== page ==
Candy Science: A Halloween Experiment

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Updated on Oct 03, 2012

With Halloween right around the corner, find a way to use your brain and reward your tummy with a new type of science -- candy science! Have you ever wondered what makes candy bars different, besides just the way they taste? In this delicious (but not very nutricious) project, we'll look at what happens when you place two different types of candy bars in water.


What makes a candy bar sink or float?


  • 2 chocolate candy bars filled with nuts
  • 2 chocolate candy bars filled with nougat
  • Plastic knife
  • 2 small plates
  • Note
  • Pencil
  • Magnifying glass
  • Large bowl
  • Water


  1. Unwrap all four candy bars.
  2. Take a look at the outsides of each candy bar. What do you notice about each bar that is the same or different? Try to use all your senses (except taste -- that will come later).
  3. Write down three observations you made about the candy bar in your notebook.
  4. Use the plastic knife to carefully cut all four candy bars in half.
  5. Separate the candy bars based on what you see on the inside.
  6. What is the same or different about the way each group of candy bars look? Use your magnifying glass to examine each bar.
  7. Write down your observations in your notebook.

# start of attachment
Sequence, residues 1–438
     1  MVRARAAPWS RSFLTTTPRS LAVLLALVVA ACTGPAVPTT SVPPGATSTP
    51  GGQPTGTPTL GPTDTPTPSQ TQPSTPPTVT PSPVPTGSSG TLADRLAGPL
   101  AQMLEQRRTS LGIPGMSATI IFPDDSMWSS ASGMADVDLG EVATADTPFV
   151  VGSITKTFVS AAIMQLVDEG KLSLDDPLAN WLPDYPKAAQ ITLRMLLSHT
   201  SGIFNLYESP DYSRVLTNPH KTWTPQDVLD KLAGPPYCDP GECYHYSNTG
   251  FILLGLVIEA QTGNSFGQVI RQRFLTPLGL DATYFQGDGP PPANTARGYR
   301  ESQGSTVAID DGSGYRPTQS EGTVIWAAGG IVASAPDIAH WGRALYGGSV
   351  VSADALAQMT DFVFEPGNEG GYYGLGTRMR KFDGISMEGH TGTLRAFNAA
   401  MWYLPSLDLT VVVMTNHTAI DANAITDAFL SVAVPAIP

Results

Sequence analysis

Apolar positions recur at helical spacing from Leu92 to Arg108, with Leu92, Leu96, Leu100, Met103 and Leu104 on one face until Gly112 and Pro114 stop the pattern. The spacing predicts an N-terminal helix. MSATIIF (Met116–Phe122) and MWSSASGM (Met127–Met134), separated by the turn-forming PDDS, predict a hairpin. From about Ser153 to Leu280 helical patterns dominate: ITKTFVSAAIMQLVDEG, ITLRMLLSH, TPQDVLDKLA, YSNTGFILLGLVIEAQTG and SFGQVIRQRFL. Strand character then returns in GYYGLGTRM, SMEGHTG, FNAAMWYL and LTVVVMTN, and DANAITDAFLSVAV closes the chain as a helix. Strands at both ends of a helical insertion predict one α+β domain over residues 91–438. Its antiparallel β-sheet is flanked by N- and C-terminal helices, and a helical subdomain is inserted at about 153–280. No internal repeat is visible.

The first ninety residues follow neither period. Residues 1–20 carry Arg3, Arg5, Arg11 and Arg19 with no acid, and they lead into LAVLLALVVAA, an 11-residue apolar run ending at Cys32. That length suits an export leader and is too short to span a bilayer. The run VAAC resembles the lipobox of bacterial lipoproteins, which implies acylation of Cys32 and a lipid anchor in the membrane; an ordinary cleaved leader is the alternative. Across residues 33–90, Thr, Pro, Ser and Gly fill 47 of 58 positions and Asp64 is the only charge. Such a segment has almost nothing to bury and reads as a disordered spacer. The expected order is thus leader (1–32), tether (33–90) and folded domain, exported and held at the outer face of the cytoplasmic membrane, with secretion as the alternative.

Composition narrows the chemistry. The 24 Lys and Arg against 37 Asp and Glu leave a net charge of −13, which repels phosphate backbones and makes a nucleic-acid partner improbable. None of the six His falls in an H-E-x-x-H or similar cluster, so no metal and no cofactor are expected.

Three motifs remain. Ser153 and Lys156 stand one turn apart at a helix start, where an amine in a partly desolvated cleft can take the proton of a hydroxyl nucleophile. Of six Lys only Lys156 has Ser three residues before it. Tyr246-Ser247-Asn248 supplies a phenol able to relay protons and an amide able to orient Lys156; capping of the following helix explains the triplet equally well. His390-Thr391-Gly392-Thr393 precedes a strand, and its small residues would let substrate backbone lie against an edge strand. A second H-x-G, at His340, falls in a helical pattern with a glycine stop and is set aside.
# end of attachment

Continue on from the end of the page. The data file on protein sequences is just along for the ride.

8. Do you think any of the candy bars will float in water? Study what you wrote in your notebook. Do you think any of your observations could give you a hint?
  9. What do you think makes an object like a candy bar sink or float? Write down your hypothesis, or guess, in your notebook.
  10. Fill a large bowl with water.
  11. Place all four candy bars in the bowl.
  12. Do any of them sink or float?


The candy bars filled with nuts will sink to the bottom of the bowl, but the candy bars filled with nougat will sink.


Even though all four candy bars looked the same on the outside, their fillings, the noutgat or nuts inside each bar, made a big difference. Nougat is usually made from sugar or honey. It has a lot of tiny holes in it -- kind of a like a sponge. When the candy bar filled with nougat is placed in the water, these air holes keep it afloat. On the other hand, the candy bar filled with nuts is much, much heavier. Those nuts don't have any little holes. In the same way that a heavy rock would quickly sink, the chocolate bar filled with heavy nuts sinks straight to the bottom of the bowl.

Now you know that candy bars can be different in another way besides taste -- some sink and some float! Can you think of any ways to experiment with your Halloween candy? Do you think all chocolate melts the same way? You could try microwaving milk chocolate and dark chocolate candy to see which type melts faster. Don't stop guessing and testing! Staying curious is what scientists do every day. And with candy science, you'll get a tasty treat after every experiment.

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